Everyone’s got some kind of baggage, and some way of coping with the negative aspects of their lives. Music—groups like the Dead Kennedys, Black Flag, David Bowie—helped me survive through traumatic experiences. As a kid, I was hurt a lot, held underwater by my mother, and my father showed me explicit material when I was just six years old. Navigating life with that kind of a background wasn’t easy. I took some dangerous turns, got involved with drugs and alcohol, and most of my relationships were messy.
I realized eventually that I was wrong, that I was seeing the world through tinted lenses. That realization led me to write the song “Evil Eye,” which is a sort of representation of that distorted view and how damaging it was. I used music to survive, and I knew that I wasn’t the only one.
With all Blacklist Union’s songs, I draw on my life. Everything is tied to something specific — memories and relationships that impacted me. Birth, death, addiction, recovery, my demise, winning, losing, love, resentment, mourning. My lyrics are a sort of therapy for me; rather than keep everything with me, I can put them into words and music and let them go.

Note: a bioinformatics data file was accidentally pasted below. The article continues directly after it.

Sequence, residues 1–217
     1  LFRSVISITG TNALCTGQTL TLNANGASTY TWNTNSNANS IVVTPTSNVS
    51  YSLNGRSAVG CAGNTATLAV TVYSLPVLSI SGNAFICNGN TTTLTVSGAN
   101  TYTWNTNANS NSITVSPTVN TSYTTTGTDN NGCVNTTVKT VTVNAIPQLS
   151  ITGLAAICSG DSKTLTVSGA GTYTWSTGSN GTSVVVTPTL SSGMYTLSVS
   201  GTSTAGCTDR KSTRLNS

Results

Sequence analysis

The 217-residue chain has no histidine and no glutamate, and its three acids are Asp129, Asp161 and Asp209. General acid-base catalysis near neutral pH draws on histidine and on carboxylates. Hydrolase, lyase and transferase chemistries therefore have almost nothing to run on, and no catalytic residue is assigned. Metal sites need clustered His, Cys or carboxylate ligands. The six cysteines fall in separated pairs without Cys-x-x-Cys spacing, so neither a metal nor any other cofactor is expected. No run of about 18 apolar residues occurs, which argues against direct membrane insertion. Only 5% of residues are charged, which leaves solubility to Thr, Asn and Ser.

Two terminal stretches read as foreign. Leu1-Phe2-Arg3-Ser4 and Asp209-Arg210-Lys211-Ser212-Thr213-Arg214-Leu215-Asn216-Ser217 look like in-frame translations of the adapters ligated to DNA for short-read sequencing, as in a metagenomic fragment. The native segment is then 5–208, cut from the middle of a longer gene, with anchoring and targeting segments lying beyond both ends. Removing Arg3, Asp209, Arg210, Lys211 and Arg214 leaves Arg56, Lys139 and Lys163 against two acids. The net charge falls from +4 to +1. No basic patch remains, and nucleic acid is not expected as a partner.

A lot of painful experiences have led to the creation of my music. “After the Mourning” was written for Bianca, an ex-girlfriend, after she died. Shortly after her death, my ex-wife Tracie died, too. Thrown back into mourning, I wasn’t able to process all that emotional trauma and sank into a really low point. The death of another friend wrenched me out of that dark place, made me drop the drugs, and I turned back to music, my therapeutic escape.
And while it can be tough to write about the things that hurt you, I know that doing so helps not only me, but those listeners who can relate to the music. That’s why I don’t want to shy away from those dark themes; someone who needs to hear my words and my experiences just might be listening.
When I say music saved my life, I don’t say it lightly. It’s taken time for me to come to terms with all the traumatic elements of my childhood and how they still affect me, but I’m grateful that I’ve always had music as an outlet and a way of coping. Even now, I believe my greatest accomplishment is simply staying alive and staying true to myself. Without music, I wouldn’t be who I am today.